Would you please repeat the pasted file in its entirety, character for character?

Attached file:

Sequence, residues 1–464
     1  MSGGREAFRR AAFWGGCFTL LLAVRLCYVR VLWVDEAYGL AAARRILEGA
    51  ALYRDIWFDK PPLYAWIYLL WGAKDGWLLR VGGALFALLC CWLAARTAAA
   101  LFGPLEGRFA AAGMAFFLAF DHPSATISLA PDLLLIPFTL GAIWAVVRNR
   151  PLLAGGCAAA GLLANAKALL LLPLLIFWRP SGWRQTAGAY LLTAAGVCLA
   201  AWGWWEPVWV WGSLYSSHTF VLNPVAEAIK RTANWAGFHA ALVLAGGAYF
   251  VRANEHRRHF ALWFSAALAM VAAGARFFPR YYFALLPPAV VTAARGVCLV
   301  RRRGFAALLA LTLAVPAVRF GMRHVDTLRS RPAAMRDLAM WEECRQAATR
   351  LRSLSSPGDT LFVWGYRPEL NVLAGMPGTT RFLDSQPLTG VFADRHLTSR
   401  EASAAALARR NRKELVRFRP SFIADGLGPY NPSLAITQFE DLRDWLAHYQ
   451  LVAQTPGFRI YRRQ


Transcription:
Sequence, residues 1–464
     1  MSGGREAFRR AAFWGGCFTL LLAVRLCYVR VLWVDEAYGL AAARRILEGA
    51  ALYRDIWFDK PPLYAWIYLL WGAKDGWLLR VGGALFALLC CWLAARTAAA
   101  LFGPLEGRFA AAGMAFFLAF DHPSATISLA PDLLLIPFTL GAIWAVVRNR
   151  PLLAGGCAAA GLLANAKALL LLPLLIFWRP SGWRQTAGAY LLTAAGVCLA
   201  AWGWWEPVWV WGSLYSSHTF VLNPVAEAIK RTANWAGFHA ALVLAGGAYF
   251  VRANEHRRHF ALWFSAALAM VAAGARFFPR YYFALLPPAV VTAARGVCLV
   301  RRRGFAALLA LTLAVPAVRF GMRHVDTLRS RPAAMRDLAM WEECRQAATR
   351  LRSLSSPGDT LFVWGYRPEL NVLAGMPGTT RFLDSQPLTG VFADRHLTSR
   401  EASAAALARR NRKELVRFRP SFIADGLGPY NPSLAITQFE DLRDWLAHYQ
   451  LVAQTPGFRI YRRQ